Fitzroy's C.F. Row comes up trumps
The marriage of old and new can be a difficult process, particularly when the existing structure has intrinsic heritage value.
In previous times Fitzroy's 237 Napier Street served as the home of furniture manufacturer C.F. Rojo and Sons. Taking root during 1887, Christobel Rojo oversaw operations though over time the site would become home to furniture manufacturer Thonet.
As with many significant buildings around Fitzroy, 237 Napier Street would see a new purpose as housing stock with DealCorp going about redeveloping the existing building into C.F. Row...and an impressive outcome it is! C.F. Row is the quintessential inner suburban red brick exterior facade melded with new dark-toned additions that provide contrast, albeit on a visually pleasing level.
Designed by Woods Bagot, C.F. Row includes 45 apartments and 7 townhouses split between 1, 2, 3 and 5 bedroom dwellings. Two basement levels and five contemporary levels of living sit behind the historic facade.
Works began on the project at the beginning of 2016, with all bar a ground floor tenancy fit-out completed. Apartments choices consist of 18 one-bedroom, 22 two-bedroom, four three-bedroom and one five-bedroom dwelling whilst all the townhouses include three-bedrooms. Internally the townhouses span between 143sqm and 167sqm.
C.F. Row's apartments are set to the south of the site, directly behind the C.F. Rojo and Sons facade, with an indented level above the historic structure providing a break between old and new form. Conversely, the SoHo townhouses sit in behind the 'restored' northern facade, with a contemporary addition also adjacent.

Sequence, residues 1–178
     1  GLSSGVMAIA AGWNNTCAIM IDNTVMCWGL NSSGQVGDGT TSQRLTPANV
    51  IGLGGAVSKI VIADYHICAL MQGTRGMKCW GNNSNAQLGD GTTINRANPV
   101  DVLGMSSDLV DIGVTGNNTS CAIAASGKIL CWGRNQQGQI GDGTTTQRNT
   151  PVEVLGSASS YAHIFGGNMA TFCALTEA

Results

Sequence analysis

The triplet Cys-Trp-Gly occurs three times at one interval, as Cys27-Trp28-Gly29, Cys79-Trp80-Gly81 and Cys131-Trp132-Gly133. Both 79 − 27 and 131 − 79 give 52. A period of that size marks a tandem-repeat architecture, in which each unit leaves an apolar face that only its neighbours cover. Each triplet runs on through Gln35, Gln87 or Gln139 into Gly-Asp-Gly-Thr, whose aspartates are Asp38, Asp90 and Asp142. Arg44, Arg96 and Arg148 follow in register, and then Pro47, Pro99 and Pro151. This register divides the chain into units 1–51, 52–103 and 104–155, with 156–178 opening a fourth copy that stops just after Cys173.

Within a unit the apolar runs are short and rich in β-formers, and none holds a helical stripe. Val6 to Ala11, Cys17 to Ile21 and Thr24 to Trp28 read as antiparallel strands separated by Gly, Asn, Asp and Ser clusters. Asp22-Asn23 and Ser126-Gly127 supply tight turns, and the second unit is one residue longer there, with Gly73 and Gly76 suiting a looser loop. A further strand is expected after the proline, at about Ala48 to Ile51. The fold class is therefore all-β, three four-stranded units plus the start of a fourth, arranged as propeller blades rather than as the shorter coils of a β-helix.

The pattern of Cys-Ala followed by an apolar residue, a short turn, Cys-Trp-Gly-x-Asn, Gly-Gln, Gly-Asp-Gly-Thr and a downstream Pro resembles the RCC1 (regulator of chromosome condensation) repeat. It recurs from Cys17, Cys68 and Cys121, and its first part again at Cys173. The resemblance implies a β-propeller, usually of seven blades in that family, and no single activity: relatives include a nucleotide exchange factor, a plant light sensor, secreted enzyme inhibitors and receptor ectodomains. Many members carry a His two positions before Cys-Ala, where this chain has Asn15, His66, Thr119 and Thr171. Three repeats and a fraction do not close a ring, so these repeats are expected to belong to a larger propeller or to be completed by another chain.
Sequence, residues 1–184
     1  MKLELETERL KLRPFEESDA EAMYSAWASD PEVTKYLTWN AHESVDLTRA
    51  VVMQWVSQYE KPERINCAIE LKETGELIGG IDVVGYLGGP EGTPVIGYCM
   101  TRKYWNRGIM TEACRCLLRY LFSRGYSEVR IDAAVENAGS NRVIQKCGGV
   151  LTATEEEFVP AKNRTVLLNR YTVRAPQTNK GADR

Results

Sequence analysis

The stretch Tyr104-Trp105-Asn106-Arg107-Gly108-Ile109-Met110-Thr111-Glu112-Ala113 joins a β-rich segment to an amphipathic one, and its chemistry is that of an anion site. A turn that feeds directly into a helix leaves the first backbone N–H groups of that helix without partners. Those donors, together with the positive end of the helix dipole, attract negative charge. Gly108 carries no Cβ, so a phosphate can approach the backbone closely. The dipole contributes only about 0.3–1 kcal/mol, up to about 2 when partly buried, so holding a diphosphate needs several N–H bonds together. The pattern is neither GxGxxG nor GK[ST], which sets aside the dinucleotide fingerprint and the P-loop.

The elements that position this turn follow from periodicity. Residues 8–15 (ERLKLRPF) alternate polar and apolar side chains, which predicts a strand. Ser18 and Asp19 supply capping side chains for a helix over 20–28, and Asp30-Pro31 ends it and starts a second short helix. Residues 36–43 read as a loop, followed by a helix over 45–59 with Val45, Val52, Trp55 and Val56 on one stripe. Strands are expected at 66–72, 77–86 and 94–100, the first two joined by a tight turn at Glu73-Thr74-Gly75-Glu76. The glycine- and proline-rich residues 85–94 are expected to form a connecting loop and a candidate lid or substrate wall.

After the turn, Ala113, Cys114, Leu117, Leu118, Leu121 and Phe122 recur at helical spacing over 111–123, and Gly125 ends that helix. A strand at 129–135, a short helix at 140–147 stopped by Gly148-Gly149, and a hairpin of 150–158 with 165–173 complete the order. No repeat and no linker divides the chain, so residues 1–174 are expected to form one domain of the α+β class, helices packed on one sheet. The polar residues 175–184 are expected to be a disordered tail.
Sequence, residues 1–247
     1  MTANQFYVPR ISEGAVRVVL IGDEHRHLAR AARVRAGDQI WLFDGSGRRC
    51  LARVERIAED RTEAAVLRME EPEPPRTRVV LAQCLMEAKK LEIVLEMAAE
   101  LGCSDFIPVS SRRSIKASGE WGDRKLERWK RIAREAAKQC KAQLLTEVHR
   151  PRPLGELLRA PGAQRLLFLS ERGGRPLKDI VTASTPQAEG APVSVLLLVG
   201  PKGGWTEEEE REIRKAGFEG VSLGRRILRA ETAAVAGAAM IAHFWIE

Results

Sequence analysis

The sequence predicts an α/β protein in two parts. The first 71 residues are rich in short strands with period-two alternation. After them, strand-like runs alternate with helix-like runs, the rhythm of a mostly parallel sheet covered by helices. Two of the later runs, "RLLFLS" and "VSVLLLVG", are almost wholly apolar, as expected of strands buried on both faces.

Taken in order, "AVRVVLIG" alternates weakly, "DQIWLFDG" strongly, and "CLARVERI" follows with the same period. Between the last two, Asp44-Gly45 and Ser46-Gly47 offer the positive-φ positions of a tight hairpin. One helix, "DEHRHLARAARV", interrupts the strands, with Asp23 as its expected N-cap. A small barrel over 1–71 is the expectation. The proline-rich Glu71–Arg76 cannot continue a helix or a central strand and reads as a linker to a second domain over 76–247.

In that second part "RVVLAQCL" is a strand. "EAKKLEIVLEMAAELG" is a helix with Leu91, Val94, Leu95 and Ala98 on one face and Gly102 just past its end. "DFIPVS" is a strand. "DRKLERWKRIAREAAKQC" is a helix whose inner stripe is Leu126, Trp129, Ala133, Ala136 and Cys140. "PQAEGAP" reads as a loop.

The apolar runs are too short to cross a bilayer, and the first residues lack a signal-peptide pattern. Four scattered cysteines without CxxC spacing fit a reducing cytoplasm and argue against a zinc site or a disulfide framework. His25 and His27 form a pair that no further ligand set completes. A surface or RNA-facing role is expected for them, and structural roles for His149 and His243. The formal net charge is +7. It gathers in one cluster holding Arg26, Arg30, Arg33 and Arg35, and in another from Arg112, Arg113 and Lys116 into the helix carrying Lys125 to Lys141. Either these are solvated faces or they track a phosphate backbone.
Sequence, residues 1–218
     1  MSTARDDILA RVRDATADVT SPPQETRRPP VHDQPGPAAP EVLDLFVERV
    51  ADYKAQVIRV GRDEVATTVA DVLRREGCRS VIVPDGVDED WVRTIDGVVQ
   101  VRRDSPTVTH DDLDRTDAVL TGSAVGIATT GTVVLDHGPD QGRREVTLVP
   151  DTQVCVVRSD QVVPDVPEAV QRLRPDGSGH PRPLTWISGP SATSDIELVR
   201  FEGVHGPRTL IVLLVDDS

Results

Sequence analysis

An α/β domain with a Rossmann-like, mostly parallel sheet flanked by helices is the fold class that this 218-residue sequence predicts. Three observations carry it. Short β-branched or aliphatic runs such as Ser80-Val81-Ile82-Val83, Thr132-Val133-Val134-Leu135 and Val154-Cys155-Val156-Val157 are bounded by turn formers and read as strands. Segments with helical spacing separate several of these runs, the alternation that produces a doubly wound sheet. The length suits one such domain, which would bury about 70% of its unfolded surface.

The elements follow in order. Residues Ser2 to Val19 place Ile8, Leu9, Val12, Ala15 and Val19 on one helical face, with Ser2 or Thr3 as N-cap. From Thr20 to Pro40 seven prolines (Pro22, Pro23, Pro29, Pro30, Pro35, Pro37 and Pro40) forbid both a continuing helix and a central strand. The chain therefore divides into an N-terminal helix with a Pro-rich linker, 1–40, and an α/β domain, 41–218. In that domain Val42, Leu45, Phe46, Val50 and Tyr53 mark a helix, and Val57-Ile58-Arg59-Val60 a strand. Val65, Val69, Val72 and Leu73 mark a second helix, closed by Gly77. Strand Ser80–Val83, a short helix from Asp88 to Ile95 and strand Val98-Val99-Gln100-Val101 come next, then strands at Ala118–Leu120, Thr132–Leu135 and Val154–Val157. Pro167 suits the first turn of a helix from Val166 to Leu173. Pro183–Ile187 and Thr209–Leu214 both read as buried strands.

Both buildings are separated by an east-west passage which also provides additional light penetration and a secondary perspective aside from those facing directly away from the site.
C.F. Row is an effective marriage between old and new, and in many ways mirrors the Jaques Richmond Stage 1 redevelopment in colour palette, size and composition. The earthiness and relatability of low-rise red brick facades cannot be underestimated and is perhaps a reason why they are so popular in contemporary designs in areas such as Richmond, Collingwood and Fitzroy.
Historic elements to three sides, scale, location, history and a complementary material palette; C.F. Row simply wins on numerous levels.
In my opinion, it is certainly one of, if not Melbourne's most visually satisfying new addition of 2017.